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Abstract

Expansins, cerato-platanins and swollenins (which we will henceforth refer to as expansin-related proteins) are a group of microbial proteins involved in microbe-plant interactions. Although they share very low sequence similarity, some of their composing domains are near-identical at the structural level. Expansin-related proteins have their target in the plant cell wall, in which they act through a non-enzymatic, but still uncharacterized, mechanism. In most cases, mutagenesis of expansin-related genes affects plant colonization or plant pathogenesis of different bacterial and fungal species, and thus, in many cases they are considered virulence factors. Additionally, plant treatment with expansin-related proteins activate several plant defenses resulting in the priming and protection towards subsequent pathogen encounters. Plant-defence responses induced by these proteins are reminiscent of pattern-triggered immunity or hypersensitive response in some cases. Plant immunity to expansin-related proteins could be caused by the following: (i) protein detection by specific host-cell receptors, (ii) alterations to the cell-wall-barrier properties sensed by the host, (iii) displacement of cell-wall polysaccharides detected by the host. Expansin-related proteins may also target polysaccharides on the wall of the microbes that produced them under certain physiological instances. Here, we review biochemical, evolutionary and biological aspects of these relatively understudied proteins and different immune responses they induce in plant hosts.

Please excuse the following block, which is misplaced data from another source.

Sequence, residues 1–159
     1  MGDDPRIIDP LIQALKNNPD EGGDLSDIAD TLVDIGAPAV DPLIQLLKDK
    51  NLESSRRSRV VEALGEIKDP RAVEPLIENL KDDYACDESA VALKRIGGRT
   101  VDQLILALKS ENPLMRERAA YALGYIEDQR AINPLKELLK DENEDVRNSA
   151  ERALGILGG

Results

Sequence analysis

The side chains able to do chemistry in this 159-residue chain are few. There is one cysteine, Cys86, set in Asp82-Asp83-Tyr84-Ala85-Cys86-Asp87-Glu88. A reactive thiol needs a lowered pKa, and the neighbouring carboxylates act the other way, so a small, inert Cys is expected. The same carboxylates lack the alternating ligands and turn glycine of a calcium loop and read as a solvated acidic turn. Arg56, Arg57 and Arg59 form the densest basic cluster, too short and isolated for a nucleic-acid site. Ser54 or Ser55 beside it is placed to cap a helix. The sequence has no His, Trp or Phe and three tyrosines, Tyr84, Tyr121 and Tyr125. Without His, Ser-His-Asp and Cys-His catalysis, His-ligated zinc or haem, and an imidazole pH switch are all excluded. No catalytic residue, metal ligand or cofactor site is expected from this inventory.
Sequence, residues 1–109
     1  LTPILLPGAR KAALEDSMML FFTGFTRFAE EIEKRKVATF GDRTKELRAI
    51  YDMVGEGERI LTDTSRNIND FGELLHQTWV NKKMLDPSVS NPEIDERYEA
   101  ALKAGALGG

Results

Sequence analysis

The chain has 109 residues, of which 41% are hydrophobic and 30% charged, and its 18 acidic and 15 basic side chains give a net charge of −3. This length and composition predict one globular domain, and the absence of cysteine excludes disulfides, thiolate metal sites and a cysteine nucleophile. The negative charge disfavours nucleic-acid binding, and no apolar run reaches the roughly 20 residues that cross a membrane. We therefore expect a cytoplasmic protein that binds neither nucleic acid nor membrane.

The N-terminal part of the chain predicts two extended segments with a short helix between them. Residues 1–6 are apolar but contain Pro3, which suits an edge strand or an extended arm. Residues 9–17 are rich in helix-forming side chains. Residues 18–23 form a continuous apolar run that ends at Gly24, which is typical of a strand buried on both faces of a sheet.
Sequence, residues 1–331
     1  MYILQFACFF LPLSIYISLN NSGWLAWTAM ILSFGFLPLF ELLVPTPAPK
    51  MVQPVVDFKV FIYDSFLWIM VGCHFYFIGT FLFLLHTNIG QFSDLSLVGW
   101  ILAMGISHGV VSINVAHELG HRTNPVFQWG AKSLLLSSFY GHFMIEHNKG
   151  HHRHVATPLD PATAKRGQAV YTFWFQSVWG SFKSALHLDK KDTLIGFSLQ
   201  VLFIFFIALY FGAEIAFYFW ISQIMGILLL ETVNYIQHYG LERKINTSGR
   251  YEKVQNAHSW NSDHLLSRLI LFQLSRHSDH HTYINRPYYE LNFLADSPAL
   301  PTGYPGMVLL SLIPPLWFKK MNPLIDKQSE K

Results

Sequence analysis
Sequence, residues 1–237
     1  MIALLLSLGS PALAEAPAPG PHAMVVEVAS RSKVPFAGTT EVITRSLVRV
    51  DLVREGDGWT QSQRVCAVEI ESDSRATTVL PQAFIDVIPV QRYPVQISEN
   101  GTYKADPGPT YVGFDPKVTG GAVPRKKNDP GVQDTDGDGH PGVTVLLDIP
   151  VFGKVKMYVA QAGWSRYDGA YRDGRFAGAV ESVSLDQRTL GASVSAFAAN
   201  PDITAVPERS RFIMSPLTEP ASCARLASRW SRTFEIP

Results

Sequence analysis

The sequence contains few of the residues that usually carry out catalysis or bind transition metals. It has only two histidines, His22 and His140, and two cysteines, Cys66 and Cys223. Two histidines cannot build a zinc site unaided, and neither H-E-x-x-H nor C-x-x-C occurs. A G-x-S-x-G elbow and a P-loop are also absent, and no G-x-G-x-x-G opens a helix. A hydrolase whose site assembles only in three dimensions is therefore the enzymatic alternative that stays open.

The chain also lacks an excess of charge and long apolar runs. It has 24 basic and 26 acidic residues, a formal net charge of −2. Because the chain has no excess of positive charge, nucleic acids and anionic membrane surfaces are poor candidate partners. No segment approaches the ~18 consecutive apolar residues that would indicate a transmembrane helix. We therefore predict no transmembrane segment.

Funding
This study was supported by the:
  • Mario Serrano , Dirección General de Asuntos del Personal Académico, Universidad Nacional Autónoma de México , (Award IN203720)
  • Claudia Martinez-Anaya , Consejo Nacional de Ciencia y Tecnología , (Award 252551)
  • Claudia Martinez-Anaya , Dirección General de Asuntos del Personal Académico, Universidad Nacional Autónoma de México , (Award IN211116 & IN211019)
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/content/journal/micro/10.1099/mic.0.000984
2020-11-02
2021-01-18
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